Chapter 16
A Community of Tennessee Writers, Readers & Passersby

Fighting the Summer Slide

At the Children’s Festival of Reading, Knoxville hosts a star-studded lineup of authors that will turn kids on to books

“When I was a kid, I liked to read. A lot.” So begins the website biography of Jennifer Holm, author of the wildly popular Babymouse series and other award-winning books for children. A lifelong love affair with reading is a common theme on the websites of children’s authors: most cite it right off the bat in explaining what drives them to conjure stories today.

But while avid young readers gobble up Holm’s books and those of other celebrated children’s authors, it’s hard for grown-up book lovers not to worry about the way many children and young adults regard reading. Research has repeatedly confirmed the link between independent reading and academic success, but screen-based entertainment increasingly vies for children’s attention. It’s difficult not to conclude that children are, perhaps inevitably, reading less today. A 2009 report found that only a third of U.S. fourth-graders were reading at grade level, and a 2011 study reported that students whose reading skills aren’t up to par by third grade are four times more likely to drop out of school than those who read at grade level.

This is where the Children’s Festival of Reading, organized by the Knox County Public Library, comes in. A free celebration of kids’ lit to be held May 19 in downtown Knoxville, the festival does for reading what a crackerjack publicist does for a client. Founded eight years ago as a way to rally interest in the library’s summer-reading clubs, the festival combats the too-common notion among kids that reading is a chore, something they do only when a teacher makes them. “The festival makes reading fun and exciting,” says Mary Pom Claiborne, director of marketing and community relations for the library.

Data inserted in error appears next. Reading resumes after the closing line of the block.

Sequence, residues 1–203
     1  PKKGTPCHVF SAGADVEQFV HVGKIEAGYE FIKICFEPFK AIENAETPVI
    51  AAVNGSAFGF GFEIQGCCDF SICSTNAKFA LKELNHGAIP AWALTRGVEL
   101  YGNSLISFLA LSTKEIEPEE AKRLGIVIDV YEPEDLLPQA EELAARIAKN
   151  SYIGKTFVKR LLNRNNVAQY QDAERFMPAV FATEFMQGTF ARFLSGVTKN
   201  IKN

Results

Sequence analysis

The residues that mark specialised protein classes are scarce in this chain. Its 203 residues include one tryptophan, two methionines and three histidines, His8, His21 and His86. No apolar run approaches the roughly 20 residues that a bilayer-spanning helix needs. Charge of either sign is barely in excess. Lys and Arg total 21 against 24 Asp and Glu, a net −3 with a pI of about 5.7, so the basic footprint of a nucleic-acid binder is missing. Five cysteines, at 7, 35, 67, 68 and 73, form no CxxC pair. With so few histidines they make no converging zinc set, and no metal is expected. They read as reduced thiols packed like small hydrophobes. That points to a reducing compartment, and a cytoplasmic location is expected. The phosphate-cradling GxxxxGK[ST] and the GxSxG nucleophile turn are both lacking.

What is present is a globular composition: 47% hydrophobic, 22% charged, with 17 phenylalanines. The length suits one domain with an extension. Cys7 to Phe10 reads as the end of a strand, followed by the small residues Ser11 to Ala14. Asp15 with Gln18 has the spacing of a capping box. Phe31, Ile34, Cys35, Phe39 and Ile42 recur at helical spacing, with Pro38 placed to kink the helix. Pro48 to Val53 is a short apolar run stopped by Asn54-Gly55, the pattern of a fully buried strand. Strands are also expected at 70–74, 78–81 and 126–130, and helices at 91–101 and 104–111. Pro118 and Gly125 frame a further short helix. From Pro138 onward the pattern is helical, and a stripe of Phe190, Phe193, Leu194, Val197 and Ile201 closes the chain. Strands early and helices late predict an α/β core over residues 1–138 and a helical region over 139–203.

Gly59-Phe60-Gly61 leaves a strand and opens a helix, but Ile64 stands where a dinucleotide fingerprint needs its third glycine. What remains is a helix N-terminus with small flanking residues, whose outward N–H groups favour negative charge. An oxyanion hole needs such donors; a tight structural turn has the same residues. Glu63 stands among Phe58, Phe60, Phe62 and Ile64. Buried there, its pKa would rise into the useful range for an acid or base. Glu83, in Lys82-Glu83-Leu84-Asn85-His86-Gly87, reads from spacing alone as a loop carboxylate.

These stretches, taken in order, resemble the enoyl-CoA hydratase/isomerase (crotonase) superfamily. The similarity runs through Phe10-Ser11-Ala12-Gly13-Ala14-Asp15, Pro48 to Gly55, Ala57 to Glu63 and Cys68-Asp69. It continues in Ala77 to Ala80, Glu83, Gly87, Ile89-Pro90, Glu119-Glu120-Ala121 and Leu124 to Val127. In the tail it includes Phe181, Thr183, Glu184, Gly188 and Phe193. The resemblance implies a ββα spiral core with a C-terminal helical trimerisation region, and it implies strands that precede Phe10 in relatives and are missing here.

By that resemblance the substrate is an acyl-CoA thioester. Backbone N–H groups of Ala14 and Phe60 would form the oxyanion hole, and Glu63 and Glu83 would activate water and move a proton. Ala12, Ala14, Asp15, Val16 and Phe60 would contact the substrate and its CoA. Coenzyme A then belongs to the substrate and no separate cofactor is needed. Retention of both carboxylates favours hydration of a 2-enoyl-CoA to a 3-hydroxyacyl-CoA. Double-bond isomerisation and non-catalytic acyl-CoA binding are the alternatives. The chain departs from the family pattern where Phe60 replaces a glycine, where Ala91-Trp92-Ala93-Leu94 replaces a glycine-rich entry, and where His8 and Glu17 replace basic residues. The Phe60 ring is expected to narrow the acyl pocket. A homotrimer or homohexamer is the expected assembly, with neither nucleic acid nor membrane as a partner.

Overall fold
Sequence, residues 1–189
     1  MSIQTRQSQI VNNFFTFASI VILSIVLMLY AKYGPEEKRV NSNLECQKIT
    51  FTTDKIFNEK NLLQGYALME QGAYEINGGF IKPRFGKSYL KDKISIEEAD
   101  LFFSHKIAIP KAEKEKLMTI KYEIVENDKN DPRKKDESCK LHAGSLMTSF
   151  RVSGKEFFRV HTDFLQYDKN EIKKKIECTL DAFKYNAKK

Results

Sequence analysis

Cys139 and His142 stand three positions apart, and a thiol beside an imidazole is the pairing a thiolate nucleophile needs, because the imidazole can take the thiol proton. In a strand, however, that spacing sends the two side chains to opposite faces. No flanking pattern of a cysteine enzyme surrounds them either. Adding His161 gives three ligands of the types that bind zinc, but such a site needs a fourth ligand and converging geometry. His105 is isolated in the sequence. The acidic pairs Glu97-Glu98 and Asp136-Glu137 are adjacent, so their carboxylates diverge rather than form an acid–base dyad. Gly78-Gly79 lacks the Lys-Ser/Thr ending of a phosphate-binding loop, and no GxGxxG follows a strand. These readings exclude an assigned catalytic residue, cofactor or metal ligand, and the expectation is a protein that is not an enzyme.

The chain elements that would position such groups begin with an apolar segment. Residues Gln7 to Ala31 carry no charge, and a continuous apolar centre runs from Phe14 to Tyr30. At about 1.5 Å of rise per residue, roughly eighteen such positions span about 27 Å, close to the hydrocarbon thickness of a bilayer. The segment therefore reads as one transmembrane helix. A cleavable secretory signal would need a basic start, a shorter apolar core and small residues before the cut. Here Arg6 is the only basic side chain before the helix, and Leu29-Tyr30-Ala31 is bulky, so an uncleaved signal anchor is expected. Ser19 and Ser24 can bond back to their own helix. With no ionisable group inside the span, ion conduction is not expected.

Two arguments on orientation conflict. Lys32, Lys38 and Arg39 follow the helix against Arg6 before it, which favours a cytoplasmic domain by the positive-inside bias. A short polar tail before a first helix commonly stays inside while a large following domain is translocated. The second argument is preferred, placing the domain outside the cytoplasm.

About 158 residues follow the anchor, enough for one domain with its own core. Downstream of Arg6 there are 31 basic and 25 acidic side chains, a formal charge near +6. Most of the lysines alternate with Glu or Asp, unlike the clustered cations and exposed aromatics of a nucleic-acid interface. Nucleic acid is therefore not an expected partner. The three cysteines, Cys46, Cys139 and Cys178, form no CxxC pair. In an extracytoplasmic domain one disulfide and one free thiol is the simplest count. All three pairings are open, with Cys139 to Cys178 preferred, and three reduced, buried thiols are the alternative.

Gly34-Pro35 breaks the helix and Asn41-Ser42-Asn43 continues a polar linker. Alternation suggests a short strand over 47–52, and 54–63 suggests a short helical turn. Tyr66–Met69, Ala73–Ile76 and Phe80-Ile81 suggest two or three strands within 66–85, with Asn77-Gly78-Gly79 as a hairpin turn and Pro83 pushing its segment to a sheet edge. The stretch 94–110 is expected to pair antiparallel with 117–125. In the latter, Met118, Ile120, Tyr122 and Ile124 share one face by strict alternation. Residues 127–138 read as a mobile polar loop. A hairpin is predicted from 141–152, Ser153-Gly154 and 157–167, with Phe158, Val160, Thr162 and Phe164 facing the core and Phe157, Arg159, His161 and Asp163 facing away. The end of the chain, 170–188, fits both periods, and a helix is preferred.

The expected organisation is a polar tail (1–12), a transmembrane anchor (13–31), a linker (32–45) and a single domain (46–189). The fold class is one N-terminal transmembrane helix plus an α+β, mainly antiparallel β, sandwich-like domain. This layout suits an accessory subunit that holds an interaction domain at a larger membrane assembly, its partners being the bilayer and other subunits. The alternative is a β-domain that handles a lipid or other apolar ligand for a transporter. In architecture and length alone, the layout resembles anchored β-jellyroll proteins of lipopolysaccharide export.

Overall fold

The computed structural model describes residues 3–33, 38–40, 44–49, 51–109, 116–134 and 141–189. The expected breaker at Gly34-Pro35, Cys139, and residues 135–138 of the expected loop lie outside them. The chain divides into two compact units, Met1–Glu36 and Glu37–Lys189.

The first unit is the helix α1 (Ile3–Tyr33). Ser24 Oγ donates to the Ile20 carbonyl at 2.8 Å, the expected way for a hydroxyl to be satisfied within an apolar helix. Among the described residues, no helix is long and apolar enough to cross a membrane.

At the same time, it speaks to what teachers see as a critical problem. Summer reading may be a child’s best defense against the “summer slide”—the loss of academic skills that educators observe after students have been out of the classroom for weeks in a row. “It gives kids a chance to explore the subjects they want to explore,” Claiborne says. “They get to pick their own books, so it’s really a chance to love reading. It doesn’t matter so much what you read; the act of reading is what’s important.” The festival is also a way for families to “make reading a family activity,” Claiborne says, reinforcing the pivotal role parents can play in a child’s school experience.

Among the attractions at the festival this year will be a Parade of Books, storytelling, children’s performances, crafts, more than fifty community booths (each with an interactive, reading-related activity), a science village, and appearances by its star guests: five of the hottest writers and illustrators on the contemporary kid-lit scene, including Jennifer Holm and her brother, Matthew, with whom she collaborates on the Babymouse books.

With guest lineups that include several Caldecott and Newbery Award-winners, the festival has earned a reputation for drawing star talent. Its virtually one-of-a-kind status helps generate buzz, too. Only one other city—Savannah, Georgia—hosts a festival dedicated solely to children and reading, but Knoxville is taking the lead in guiding staffers at other community libraries who are interested in replicating the program. “People are starting to call us,” Claiborne says.